“This object is right at the boundary between a planet and a brown dwarf, or ‘failed star,’ and is giving us some surprises,” said Melodie Kao, who led a recent study while a graduate student at Caltech.“This particular object is exciting because studying its magnetic dynamo mechanisms can give us new insights on how the same type of mechanisms can operate in extrasolar planets — planets beyond our solar system. We think these mechanisms can work not only in brown dwarfs, but also in both gas giant and terrestrial planets.”
The observed magnetic field “presents huge challenges to our understanding of the dynamo mechanism that produces the magnetic fields in brown dwarfs and exoplanets and helps drive the auroras we see,” said Gregg Hallinan, of Caltech. “Detecting SIMP J01365663+0933473 with the VLA through its auroral radio emission also means that we may have a new way of detecting exoplanets, including the elusive rogue ones not orbiting a parent star.”
There are doubtless huge numbers of such wandering planets throughout the galaxy, but as they are comparatively small and dim, we’re lucky to find one. How do they get lost though?
Video Credit: Universe Today
It may be that an as yet undetected companion that may be driving its auroral activity, hopefully its near proximity to us will shed more light into its mysteries.
JUPITER NOT SO DRY AFTER ALL
The Galileo probe was sacrificed on Dec. 7, 1995,by having it fly into the giant planet’s atmosphere and being destroyed by its massive gravitational field. What was puzzling at the time was the lack of water. Jupiter lies at what is known as the ‘frost line’ in the Solar system, as in icy moons etc, so not to find any was baffling to say the least. The theory was that the probe had simply fallen into a Jovian ‘desert’ of some kind, which we’re well aware sounds lame. So scroll forward to NASA’s new Juno mission with its more advanced technology and we have new answers to this conundrum.
This animation takes the viewer on a simulated flight into, and then out of, Jupiter’s upper atmosphere at the location of the Great Red Spot. It was created by combining an image from the JunoCam imager on NASA’s Juno spacecraft with a computer-generated animation. The perspective begins about 2,000 miles (3,000 kilometers) above the cloud tops of the planet’s southern hemisphere. The bar at far left indicates altitude during the quick descent; a second gauge next to that depicts the dramatic increase in temperature that occurs as the perspective dives deeper down. The clouds turn crimson as the perspective passes through the Great Red Spot. Finally, the view ascends out of the spot.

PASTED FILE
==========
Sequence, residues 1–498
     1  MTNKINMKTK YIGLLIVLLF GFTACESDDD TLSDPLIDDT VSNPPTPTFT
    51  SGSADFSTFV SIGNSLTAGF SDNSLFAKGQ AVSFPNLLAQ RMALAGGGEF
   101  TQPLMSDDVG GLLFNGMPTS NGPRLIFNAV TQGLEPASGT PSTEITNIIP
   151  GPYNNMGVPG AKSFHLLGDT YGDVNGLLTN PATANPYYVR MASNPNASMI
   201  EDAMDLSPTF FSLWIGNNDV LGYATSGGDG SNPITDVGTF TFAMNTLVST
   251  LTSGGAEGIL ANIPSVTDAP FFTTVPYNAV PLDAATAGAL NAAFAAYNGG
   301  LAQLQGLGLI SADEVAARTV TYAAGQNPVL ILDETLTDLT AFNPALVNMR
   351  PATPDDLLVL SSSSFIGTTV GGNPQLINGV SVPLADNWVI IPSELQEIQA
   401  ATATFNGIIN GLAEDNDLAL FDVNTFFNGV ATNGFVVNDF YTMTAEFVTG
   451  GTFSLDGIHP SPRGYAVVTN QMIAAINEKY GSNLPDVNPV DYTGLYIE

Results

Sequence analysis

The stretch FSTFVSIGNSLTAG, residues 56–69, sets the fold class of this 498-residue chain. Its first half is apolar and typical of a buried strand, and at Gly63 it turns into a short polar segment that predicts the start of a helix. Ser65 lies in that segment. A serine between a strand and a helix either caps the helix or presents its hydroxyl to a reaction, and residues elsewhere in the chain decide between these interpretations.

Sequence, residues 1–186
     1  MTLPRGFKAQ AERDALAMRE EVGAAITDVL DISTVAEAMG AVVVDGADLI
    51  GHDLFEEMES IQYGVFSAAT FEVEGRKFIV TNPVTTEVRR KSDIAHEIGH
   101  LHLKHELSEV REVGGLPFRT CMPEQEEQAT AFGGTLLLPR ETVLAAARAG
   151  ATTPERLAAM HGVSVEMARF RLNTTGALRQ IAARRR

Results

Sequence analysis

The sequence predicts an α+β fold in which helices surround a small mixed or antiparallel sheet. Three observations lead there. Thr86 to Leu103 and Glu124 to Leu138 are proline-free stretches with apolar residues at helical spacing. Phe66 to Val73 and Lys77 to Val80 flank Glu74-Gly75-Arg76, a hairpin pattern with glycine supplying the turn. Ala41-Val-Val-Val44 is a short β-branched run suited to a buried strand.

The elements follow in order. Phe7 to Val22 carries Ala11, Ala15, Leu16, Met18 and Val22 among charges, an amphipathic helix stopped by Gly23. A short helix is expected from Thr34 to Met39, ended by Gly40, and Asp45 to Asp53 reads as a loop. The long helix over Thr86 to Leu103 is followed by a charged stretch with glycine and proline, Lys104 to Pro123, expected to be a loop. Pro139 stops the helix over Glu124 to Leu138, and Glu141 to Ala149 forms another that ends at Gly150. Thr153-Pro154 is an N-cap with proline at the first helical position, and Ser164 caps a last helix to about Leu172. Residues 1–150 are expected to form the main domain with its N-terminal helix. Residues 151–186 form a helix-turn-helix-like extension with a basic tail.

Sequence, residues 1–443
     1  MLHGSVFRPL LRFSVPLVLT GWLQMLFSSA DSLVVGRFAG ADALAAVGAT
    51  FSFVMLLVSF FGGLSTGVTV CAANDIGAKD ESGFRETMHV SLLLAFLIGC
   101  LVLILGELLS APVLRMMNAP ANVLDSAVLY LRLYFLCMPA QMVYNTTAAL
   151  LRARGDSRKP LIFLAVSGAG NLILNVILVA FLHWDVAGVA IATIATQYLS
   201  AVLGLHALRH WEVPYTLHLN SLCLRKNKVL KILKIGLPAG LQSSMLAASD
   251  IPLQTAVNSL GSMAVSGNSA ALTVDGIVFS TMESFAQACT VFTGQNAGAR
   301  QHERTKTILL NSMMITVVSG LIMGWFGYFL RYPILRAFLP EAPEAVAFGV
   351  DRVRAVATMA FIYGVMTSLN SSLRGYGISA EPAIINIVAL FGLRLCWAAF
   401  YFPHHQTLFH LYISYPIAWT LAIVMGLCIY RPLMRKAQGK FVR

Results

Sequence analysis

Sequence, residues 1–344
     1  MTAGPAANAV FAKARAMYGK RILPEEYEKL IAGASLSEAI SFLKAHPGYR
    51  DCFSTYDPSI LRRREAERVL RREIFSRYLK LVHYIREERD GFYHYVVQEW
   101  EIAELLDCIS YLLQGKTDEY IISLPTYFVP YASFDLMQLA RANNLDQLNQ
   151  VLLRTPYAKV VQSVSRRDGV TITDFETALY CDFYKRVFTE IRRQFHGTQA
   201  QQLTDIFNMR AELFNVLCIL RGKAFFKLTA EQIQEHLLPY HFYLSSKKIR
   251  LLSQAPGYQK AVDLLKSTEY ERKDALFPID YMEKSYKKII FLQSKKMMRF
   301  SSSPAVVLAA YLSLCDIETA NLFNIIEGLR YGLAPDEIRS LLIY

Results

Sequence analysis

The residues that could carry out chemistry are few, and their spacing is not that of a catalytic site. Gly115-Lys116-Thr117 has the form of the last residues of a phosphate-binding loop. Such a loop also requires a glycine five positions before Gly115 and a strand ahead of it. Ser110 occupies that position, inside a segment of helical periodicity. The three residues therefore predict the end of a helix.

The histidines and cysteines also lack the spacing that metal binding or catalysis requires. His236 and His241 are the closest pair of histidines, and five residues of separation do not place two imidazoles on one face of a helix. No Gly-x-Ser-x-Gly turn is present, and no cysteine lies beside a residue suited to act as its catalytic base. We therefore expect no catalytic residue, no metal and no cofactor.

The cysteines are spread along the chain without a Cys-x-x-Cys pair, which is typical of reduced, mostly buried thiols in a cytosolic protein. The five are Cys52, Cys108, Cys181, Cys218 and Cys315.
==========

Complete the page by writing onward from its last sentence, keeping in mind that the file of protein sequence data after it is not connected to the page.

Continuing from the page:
“By formulating and analyzing data obtained using ground-based telescopes, our team has detected the chemical signatures of water deep beneath the surface of Jupiter’s Great Red Spot,” said Máté Ádámkovics, an assistant professor in the Clemson University College of Science’s department of physics and astronomy. “Jupiter is a gas giant that contains more than twice the mass of all of our other planets combined. And though 99 percent of Jupiter’s atmosphere is composed of hydrogen and helium, even solar fractions of water on a planet this massive would add up to a lot of water – many times more water than we have here on Earth.”
“The discovery of water on Jupiter using our technique is important in many ways. Our current study focused on the red spot, but future projects will be able to estimate how much water exists on the entire planet,” Ádámkovics said. “Water may play a critical role in Jupiter’s dynamic weather patterns, so this will help advance our understanding of what makes the planet’s atmosphere so turbulent. And, finally, where there’s the potential for liquid water, the possibility of life cannot be completely ruled out. So, though it appears very unlikely, life on Jupiter is not beyond the range of our imaginations.”
Gordon L. Bjoraker, an astrophysicist at NASA’s Goddard Space Flight Center in Greenbelt, Maryland, reported in a recent paper in the Astronomical Journal that he and his team have also brought the Jovian research community closer to the answer using ground based techniques based on the infrared part of the spectrum.
“The moons that orbit Jupiter are mostly water ice, so the whole neighborhood has plenty of water,” said Bjoraker. “Why wouldn’t the planet — which is this huge gravity well, where everything falls into it — be water rich, too? If you see that the strength of methane lines vary from inside to outside of the Great Red Spot, it’s not because there’s more methane here than there, it’s because there are thicker, deep clouds that are blocking the radiation in the Great Red Spot.”
Knowing just how much water is present will help us find out more about the origin of the Solar system and the Juno spacecraft is a key to our next discoveries.